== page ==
Skip Sub-navigation

Healthy Living Recipes

Deb Morgan: In midwinter, fresh, garden-picked veggies are still a distant dream for us Berkshire natives. So what better time to pull out the potatoes and frozen corn and make an old favorite! Try these two versions from our new Kripalu Seasonal Menus: Fall and Winter recipe book.

Turkey Shepherd’s Pie

Makes one 9x13-inch casserole

Turkey filling
2 tablespoons extra-virgin olive oil
1 medium onion, diced
4 celery stalks, diced
1 tablespoon dried tarragon
1 tablespoon dried thyme
1 teaspoon sea salt
Pinch of black pepper
1½ pounds ground turkey meat
3 cups frozen corn

Potato topping
6 Yukon potatoes, peeled and large cubed
1 cup milk
3 tablespoons butter
2 cloves garlic
1 teaspoon sea salt
Pinch of black pepper

Make the turkey filling:
Heat the oil in a large sauté pan over medium heat. Add onion and sauté until translucent, 5 to 8 minutes. Add celery and sauté for another 5 minutes. Stir in thyme, tarragon, salt, and pepper. Stir in ground turkey, breaking up any clumps, and sauté until cooked through, 8 to 10 minutes. Add corn and sauté until it is heated through. Transfer mixture to casserole dish and set aside.

Make the potato topping:
Place potatoes in a medium pot and cover with water. Add a pinch of salt and bring to a boil. Cook until a fork slips through potatoes easily, 10 to 15 minutes. Drain potatoes and place in a large bowl. Set aside.

Heat the milk, butter, and garlic in a pot over medium heat. Simmer gently for 5 to 8 minutes until heated through and fragrant from the garlic. Remove garlic cloves and discard. Pour the heated soy milk over the potatoes. Use a potato masher to work in the milk and mash the potatoes until they are your desired consistency.

Assemble and bake the pie:
Spread the mashed potato mixture over the turkey mixture in an even layer. Bake at 350 degrees until potatoes are golden brown on top, 30 to 35 minutes.



Lentil Shepherd’s Pie

Makes one 9x13-inch casserole

Lentil filling
2 tablespoons Earth Balance™ (vegan spread)
1 large onion, diced
1 tablespoon minced garlic
2 medium carrots, diced
4 stalks celery, diced
2 cups corn kernels, fresh or frozen
¼teaspoon of allspice
2 tablespoons fresh thyme leaves
½ cup chopped parsley
Pinch of black pepper
1 teaspoon sea salt
2 cups French lentils, rinsed
8 cups vegetable stock or water

Potato topping
6 Yukon potatoes, peeled and large cubed
½ teaspoon sea salt
Pinch of black pepper
1 cup plain soy milk
2 tablespoons Earth Balance™ (vegan spread)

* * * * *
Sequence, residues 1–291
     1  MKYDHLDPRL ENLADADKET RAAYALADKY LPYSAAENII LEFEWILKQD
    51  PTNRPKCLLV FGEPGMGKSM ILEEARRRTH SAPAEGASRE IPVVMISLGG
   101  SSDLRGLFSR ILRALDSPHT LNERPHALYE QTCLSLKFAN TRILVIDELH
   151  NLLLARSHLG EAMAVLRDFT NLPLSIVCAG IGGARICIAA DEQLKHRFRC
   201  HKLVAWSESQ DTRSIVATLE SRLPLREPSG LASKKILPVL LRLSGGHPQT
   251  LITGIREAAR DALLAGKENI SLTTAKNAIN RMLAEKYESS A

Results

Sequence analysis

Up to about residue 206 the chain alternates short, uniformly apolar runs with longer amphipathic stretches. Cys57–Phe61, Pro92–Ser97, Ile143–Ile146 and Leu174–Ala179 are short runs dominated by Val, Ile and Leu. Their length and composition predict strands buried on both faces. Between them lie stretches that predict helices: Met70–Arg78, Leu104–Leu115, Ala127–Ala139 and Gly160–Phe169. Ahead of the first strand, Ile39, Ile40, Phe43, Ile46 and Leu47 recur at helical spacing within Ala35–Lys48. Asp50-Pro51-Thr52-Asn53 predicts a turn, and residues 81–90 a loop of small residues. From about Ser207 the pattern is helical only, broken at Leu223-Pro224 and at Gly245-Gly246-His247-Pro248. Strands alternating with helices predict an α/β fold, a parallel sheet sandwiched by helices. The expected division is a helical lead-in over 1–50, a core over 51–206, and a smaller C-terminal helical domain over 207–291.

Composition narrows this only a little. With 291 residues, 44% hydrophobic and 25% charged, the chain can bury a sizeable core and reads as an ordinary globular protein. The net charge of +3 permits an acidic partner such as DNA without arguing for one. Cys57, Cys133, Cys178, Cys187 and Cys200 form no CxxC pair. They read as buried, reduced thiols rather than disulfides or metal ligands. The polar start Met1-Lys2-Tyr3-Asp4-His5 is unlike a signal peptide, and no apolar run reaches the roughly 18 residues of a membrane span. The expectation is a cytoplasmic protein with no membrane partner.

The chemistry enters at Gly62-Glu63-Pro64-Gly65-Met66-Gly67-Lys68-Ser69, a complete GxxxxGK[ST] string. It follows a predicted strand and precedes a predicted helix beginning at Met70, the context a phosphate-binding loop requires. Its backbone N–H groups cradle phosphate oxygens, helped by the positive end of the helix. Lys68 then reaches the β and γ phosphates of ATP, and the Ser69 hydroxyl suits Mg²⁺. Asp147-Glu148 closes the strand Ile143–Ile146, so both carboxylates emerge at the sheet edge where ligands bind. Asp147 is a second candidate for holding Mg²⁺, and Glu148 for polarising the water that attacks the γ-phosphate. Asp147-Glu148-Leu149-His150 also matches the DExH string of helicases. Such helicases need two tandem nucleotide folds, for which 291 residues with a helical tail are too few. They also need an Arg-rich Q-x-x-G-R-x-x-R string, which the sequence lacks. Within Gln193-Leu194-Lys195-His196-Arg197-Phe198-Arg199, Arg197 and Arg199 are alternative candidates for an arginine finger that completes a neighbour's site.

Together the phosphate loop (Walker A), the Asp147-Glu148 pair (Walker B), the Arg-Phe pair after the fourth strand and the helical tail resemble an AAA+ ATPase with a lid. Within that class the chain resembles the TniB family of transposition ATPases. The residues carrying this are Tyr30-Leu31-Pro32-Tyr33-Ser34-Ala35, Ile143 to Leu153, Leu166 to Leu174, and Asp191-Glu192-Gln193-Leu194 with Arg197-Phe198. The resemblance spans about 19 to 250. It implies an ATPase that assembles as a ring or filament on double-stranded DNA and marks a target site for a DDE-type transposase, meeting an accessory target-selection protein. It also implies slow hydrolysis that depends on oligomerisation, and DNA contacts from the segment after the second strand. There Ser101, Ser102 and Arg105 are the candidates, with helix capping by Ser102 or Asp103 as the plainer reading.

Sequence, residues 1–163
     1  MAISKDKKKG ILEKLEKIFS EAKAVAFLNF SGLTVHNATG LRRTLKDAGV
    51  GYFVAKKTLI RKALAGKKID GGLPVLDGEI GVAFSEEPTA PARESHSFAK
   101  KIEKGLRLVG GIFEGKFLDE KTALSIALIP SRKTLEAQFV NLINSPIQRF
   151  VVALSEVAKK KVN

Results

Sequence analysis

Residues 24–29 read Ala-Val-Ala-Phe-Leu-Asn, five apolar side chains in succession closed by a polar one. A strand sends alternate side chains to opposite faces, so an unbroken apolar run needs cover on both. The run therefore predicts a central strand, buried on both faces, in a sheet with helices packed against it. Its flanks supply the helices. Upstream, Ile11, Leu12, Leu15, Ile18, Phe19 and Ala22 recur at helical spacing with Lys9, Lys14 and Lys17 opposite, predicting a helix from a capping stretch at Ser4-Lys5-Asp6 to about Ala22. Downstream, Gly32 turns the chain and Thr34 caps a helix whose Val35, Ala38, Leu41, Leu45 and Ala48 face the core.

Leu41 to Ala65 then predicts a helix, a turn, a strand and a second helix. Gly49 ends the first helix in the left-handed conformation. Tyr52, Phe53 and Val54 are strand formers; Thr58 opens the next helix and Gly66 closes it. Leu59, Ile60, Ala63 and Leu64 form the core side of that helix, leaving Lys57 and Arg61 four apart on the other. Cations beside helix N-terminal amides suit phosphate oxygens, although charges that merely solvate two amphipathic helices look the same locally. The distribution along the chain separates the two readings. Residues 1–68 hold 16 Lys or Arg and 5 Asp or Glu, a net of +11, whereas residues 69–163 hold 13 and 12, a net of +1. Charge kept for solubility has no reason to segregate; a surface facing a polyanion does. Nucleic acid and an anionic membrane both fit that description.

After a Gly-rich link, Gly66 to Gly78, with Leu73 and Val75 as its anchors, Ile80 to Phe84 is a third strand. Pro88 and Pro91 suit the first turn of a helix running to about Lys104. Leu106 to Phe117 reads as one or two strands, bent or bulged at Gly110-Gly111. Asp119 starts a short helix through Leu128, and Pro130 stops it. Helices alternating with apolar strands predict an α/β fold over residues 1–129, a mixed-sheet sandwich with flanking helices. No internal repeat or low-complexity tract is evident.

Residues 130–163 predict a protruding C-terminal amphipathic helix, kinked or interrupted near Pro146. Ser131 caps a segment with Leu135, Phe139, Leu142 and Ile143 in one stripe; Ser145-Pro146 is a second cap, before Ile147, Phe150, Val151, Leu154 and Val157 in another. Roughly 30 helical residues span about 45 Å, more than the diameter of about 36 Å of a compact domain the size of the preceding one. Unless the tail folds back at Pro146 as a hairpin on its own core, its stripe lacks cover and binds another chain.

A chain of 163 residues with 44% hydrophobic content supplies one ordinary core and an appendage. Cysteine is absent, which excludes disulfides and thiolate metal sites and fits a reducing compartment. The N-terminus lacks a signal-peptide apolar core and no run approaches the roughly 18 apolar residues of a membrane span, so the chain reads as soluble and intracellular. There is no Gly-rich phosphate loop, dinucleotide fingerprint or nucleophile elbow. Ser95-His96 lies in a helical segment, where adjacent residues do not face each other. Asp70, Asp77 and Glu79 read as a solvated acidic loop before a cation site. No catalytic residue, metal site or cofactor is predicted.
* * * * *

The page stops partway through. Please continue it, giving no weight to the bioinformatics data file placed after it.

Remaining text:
2 cloves garlic, lightly mashed

Make the lentil filling: Heat the Earth Balance in a large, heavy-bottomed pot over medium heat. Add the onions and sauté until translucent, 5 to 8 minutes. Add garlic and carrots and sauté for 5 minutes. Add the celery, corn, allspice, thyme, salt, and pepper, and sauté a few more minutes.

Add the lentils and 4 cups of stock (or water). Cover and increase heat to medium-high. Gently simmer the lentils, stirring occasionally. Check lentils frequently and add more stock as needed to keep lentils from drying out. Most likely, you will use all 8 cups of stock, but sometimes lentils can be sensitive or stubborn so it is best to add stock a little at a time. Cook until lentils are soft, with very little liquid left in the pan. Transfer to a casserole dish and set aside.

Make the potato topping: Place potatoes in a medium pot and cover with water. Add a pinch of salt and bring to a boil. Cook until a fork slips through potatoes easily, 10 to15 minutes. Drain potatoes and place in a large bowl. Set aside.

Heat the soy milk, Earth Balance, and garlic in a pot over medium heat. Simmer gently for 5 to 8 minutes until heated through and fragrant from the garlic. Remove garlic cloves and discard. Pour the heated soy milk over the potatoes. Use a potato masher to work in the milk and mash the potatoes until they are your desired consistency.

Assemble and bake the pie:
Spread the mashed potato mixture over the lentils in an even layer. Bake at 350 degrees until potatoes are golden brown on top, 35 to 40 minutes.

Read Annie Kay’s Nutritional Commentary: Four and Twenty Nutrients Baked in a Pie.

Comfort food and good health need not be mutually exclusive. If you are aiming for both, take this month’s recipe along on your journey.

Many studies suggest that white meats such as turkey are less likely than red meat to form N-nitroso compounds in the large intestine. N-nitroso compounds are associated with colon cancer and other cancers. Remember, when it comes to eating animals, you eat what they ate. Eating meat from healthy animals that were fed what nature intended and offers significant health advantages over food from animals not as well raised.

Potatoes are high in fiber and rich in nutrients like vitamin C, carotenoids, flavonoids and patatin, a tuber protein with antioxidant activity—making them excellent protection against cardiovascular disease and cancer. Onions are one of the richest sources of cancer-fighting polyphenols. One of these, the flavonoid quercetin, is concentrated in the outer layers of the onion, so try to peel away as few of the outer layers of usable onion as you can. Celery is rich in vitamin C and phthalides (not to be confused with toxic phthalates), which may lower blood pressure and cholesterol levels. Corn is a heart-healthy vegetable rich in fiber, B and C vitamins, and magnesium. And we need more time and space than we have here to give the allium garlic its due. Garlic is rich in sulfur-containing compounds that bestow cardiovascular, anti-inflammatory, antibacterial, antiviral, and anticancer benefits.

Stay warm and healthy this month!


Find more delicious and nutritious recipes in Kripalu Recipes.